Tag Archives: Ray Charles

My iPod Has Issues – Too Early For Bed

16 Jun

The summer class that I am teaching is halfway finished.

The meetings I had today did not last long.

The dinner we had at the local pizzeria was quite good.

Everyone else is in bed, but I cannot go to bed before 10 pm. Going to bed before 10 pm means I have reached a time in life that I am not ready to admit. When I was a kid, I would beg my parents to let me stay up until the local news was over. I usually made it through Johnny Carson’s monologue or through the beginning of a John Wayne movie on the late show. Nope, I will not go to bed earlier than that.

Instead, I will delve into the mind of my psychotic iPod and see what is going on.

“Bad Moon Rising” by Creedence Clearwater Revival

“Search for Vulcan” by Leroy Holmes

“Heaven is a Place on Earth” by Belinda Carlisle

“Carolyn” by Merle Haggard

“Stereotomy” by The Alan Parsons Project

“Ebo Walker” by The Dillards

“Dance to the Music” by Sly and the Family Stone

“She’s Got You” by Loretta Lynn

“Got My Mojo Working” by Muddy Waters

“Memphis Exorcism” by Squirrel Nut Zippers

“Garden Party” by Ricky Nelson

“6 Underground” by Sneaker Pimps

“Free Ride” by Edgar Winter

“Babe I’m Gonna Leave You” by Led Zeppelin

“Lazy River” by Pete Fountain

“Hallelujah I Love Her So” by Ray Charles

“God Only Knows” by The Beach Boys

“More Than You Know” by Mel Torme

“O Death” by Ralph Stanley

“Down Together” by The Refreshments

A Musical Story About Georgia

11 Jun

My wife had to go to Atlanta for business, so we drove down for an overnight stay. On the way back, I started thinking about songs with Georgia in their titles. This post is the result of the string of ideas that my mind put together. As you can tell, strange things run through my brain when I am driving.

Ray Charles called Jim Croce and said, “I’ve got Georgia on My Mind.” Jim replied, “Let’s start Walkin’ Back to Georgia.” As they walked down the road, Gladys Knight and the Pips passed on their way to the station. She yelled out of the window, “We’re taking the Midnight Train to Georgia. You guys should come with us.”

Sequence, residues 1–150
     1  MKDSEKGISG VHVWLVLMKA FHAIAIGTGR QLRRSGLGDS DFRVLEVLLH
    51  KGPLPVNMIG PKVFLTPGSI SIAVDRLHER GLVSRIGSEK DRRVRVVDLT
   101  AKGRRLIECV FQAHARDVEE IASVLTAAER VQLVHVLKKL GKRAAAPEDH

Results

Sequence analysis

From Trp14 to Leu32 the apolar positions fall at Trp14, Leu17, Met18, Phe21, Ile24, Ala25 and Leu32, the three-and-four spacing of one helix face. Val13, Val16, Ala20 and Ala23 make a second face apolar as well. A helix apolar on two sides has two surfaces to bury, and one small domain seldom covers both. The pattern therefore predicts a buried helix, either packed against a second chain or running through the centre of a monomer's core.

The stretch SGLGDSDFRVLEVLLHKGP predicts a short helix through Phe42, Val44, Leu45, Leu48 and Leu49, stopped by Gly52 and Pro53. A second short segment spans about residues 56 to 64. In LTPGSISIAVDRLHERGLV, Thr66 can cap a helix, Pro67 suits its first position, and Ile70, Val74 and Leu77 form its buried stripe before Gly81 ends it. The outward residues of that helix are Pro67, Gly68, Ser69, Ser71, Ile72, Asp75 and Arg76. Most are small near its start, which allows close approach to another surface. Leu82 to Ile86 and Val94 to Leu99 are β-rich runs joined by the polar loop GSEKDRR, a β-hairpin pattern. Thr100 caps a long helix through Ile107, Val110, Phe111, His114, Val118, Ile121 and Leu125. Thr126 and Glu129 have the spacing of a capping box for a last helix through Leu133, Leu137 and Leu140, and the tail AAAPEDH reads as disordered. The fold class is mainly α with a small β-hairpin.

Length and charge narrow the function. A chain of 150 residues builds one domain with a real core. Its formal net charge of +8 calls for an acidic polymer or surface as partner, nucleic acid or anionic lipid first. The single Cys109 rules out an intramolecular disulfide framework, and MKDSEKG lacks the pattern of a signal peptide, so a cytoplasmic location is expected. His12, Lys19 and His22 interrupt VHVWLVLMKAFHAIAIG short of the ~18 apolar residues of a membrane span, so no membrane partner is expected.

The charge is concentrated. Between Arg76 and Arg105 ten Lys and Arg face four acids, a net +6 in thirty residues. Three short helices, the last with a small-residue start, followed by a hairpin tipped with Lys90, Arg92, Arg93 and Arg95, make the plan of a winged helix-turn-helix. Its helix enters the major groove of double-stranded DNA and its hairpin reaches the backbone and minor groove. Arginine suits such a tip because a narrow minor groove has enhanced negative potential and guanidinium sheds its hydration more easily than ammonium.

Ray and Jim jumped into the car with Gladys and the Pips. Before boarding the train, Gladys got a text from Brook Benton saying that it was a Rainy Night in Georgia. Despite the news, they still wanted to go. However, things would get worse.

When they disembarked, the station was totally dark. People were scrambling. Then, they ran into Vicki Lawrence who told them the bad news. This was The Night That the Lights Went Out in Georgia. Nobody knew what happened. The lights just went out. It was almost supernatural.

Suddenly, a bell sounded throughout the station. Someone spoke through a megaphone. The voice sounded familiar.

Ladies and gentlemen, please do not be alarmed. We are working on the lights, and we have discovered the problem. The Devil Went Down to Georgia and blew out all of the transformers.

They looked up and saw Charlie Daniels assuring people that everything would be alright.

With nothing else to do, Ray, Jim, Gladys and the Pips sat on benches, and someone finally asked Ray an important question. Why did you want to come to Georgia? He simply answered that he wanted to meet up with Sweet Georgia Brown.

My iPod Has Issues – Back Porch Blogging

13 Jun

I am sitting on the back porch with the laptop in my lap. Is that not where it is supposed to be? The sun is shining, and the birds are chirping. I can hear a lawnmower somewhere in the distance. They say that storms will be overhead later in the day. That is typical for a June afternoon in Tennessee.